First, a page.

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Thursday, April 28, 2016

3rd Stop - Leichtag Property which is located at the historic Ecke Ranch in Encinitas CA

Our 3rd stop is the historic Ecke Ranch in Encinitas CA.   Ecke ranch was once part of a 900 acre farm where todays popular poinsettas were bred, developed and marketed to become today's popular christmas party.  
The ranch has been  downsized and sold off to developers who have built homes to take advantage of views of the Pacific Ocean.   There are still 67 acres left with much of it comprised of greenhouses.   At one point - there were 200 acres of greenhouses on the ranch.

The ranch was sold to the Leichtag foundation.    The Leichtag foundation was created by the late  Lee and Toni Leightag who are well knowns benefactors to San Diego hospitals, colleges, and charities.   Here is a picture of Lee and Toni.

The foundation purchased the Ecke ranch to start  Coastal Roots farm which will use jewish farming practices from the bible.

These practices include.

The Shemitah Year (the Land’s Sabbath)

   Every seventh year, the farm shall not plant or sow any crop in the soil, nor tend or prune any orhard or vine.    Although this is a biblical rule, the practical purpose of this rule is to allow your land to rest every seven years.    Modern farmers do something similar by leaving a field fallow very few years to give it a rest.   Its a basis of sustaining your soil quality.

The Law of Peah (Leaving the Corners)

This rule requires farmers to leave the corners of the fields unharvested for the poor in the community.    This may have been an important source of food for the poor in ancient times, we don't have poor people foraging for food today.    The real benefit of following this rule is that you allow food and habitat for wildlife.   With the loss of habitat, having a part of the field left for wildlife allow for food and cover for birds, rabbits, deer, and other wildlife.    This law also require a farmer to abstain from harvesting a orchard or vineyard for the first 3 years.    This also provide food for wildlife and allows the trees or vines to grow strong before putting harvesting pressure on it.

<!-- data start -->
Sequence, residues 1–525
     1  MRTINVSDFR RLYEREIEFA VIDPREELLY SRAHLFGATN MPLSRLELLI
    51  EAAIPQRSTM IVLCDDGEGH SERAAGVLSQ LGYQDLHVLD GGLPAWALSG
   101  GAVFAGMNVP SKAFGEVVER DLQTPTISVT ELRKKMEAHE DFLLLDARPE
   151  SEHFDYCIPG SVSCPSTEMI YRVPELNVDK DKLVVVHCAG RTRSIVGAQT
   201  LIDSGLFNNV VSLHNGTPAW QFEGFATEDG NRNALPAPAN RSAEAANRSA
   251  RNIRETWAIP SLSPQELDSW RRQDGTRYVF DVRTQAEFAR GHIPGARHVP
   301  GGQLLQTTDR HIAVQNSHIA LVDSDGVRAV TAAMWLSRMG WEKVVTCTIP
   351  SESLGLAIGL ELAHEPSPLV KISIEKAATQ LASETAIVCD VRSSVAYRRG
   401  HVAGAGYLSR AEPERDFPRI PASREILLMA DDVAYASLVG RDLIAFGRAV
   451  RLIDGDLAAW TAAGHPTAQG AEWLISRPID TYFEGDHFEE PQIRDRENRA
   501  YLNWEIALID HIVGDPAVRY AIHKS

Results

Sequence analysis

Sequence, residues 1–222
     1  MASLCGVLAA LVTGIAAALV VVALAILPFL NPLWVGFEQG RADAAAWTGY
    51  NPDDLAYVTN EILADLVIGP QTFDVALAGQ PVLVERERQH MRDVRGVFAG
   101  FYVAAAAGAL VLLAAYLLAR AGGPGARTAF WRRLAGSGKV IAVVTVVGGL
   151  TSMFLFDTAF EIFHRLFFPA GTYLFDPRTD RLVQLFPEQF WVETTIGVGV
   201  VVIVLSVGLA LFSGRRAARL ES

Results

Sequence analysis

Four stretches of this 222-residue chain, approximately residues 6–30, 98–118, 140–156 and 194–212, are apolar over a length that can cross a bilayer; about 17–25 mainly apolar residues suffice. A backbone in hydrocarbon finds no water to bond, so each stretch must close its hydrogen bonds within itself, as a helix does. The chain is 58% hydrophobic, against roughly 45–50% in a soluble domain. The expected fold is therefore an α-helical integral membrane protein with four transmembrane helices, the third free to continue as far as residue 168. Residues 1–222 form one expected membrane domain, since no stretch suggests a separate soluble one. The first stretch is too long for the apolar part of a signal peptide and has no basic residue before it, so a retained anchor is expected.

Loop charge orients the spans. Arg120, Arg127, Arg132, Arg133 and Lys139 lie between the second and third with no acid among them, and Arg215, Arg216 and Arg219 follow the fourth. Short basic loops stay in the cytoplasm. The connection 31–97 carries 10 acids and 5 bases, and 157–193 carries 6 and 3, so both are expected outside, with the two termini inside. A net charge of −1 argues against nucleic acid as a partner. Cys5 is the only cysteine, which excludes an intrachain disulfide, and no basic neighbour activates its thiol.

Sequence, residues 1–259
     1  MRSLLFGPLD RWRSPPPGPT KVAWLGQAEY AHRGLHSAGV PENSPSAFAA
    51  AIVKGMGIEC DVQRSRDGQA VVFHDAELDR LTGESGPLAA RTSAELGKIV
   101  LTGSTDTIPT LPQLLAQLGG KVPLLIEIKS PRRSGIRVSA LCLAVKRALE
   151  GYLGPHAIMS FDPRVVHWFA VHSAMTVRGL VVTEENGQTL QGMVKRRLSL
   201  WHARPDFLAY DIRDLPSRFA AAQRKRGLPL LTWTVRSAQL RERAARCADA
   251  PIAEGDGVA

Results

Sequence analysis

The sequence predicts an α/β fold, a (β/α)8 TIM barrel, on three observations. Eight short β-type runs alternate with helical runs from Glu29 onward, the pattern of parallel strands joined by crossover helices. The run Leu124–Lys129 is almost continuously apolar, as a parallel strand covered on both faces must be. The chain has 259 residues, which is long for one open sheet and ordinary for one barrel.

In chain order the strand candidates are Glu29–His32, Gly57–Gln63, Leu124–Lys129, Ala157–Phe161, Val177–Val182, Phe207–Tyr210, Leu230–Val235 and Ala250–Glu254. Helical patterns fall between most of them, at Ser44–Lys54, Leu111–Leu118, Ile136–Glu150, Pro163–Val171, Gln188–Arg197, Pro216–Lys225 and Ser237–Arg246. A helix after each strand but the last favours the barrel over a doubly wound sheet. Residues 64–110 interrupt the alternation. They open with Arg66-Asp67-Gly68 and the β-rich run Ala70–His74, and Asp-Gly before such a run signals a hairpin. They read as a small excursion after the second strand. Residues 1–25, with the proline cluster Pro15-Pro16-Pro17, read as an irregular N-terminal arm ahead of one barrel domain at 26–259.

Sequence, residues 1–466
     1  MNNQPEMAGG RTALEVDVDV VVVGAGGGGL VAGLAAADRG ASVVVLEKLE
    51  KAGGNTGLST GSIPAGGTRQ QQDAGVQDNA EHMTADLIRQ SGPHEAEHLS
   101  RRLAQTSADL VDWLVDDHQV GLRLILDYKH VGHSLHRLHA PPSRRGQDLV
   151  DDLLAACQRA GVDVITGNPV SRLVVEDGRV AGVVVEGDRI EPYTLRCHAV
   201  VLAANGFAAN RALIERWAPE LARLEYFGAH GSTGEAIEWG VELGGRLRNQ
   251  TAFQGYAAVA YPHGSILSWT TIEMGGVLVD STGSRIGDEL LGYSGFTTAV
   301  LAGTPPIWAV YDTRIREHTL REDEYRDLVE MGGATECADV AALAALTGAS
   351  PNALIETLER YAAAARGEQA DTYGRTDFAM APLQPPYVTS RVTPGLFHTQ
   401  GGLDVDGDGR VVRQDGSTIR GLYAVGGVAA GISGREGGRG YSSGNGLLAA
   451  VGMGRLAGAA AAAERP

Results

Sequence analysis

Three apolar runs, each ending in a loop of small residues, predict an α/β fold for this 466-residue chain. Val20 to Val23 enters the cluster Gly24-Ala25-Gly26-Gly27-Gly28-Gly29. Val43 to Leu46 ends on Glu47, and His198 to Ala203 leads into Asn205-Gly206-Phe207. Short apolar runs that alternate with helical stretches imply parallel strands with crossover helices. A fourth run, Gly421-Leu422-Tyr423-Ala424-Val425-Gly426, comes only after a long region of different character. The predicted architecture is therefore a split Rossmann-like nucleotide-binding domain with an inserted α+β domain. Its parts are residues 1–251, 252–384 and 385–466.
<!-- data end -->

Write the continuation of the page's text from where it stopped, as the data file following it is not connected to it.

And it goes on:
When we arrived we were greeted by Daron Joffe, known as "Farmer D".   He is the director of agricultural innovation and development.    He explained the background of the farm and also how they are applying jewish farming practices.   It was currently a Shemitah year so they were growing all of their crops in long fiber socks which are on the surface to avoid violating the rule that nothing can be planted in the ground during the shemitah.  

Here are some images of the tour

Farmer D  - Daron greeting us and giving us a brief history of the ranch.

Here are some images of the growing tubes with various types of veggies.

This a view from one of the hills on the farm, overlooking the greenhouses.    You can see the pacific ocean in the distance.
Some newly planted vineyards.   Farmer D indicated they will not harvest these vineyards for 3 years. 

Some of the greenhouses are leased to tropical plant, cactus and flower growers who breed and grow plants for retail and wholesale customers.    Here are some pictures of grafted cactus and barrel cactus in some of the greenhouses.    It's quite an extensive operation as you will see from the sheer quantity of cactus's under production.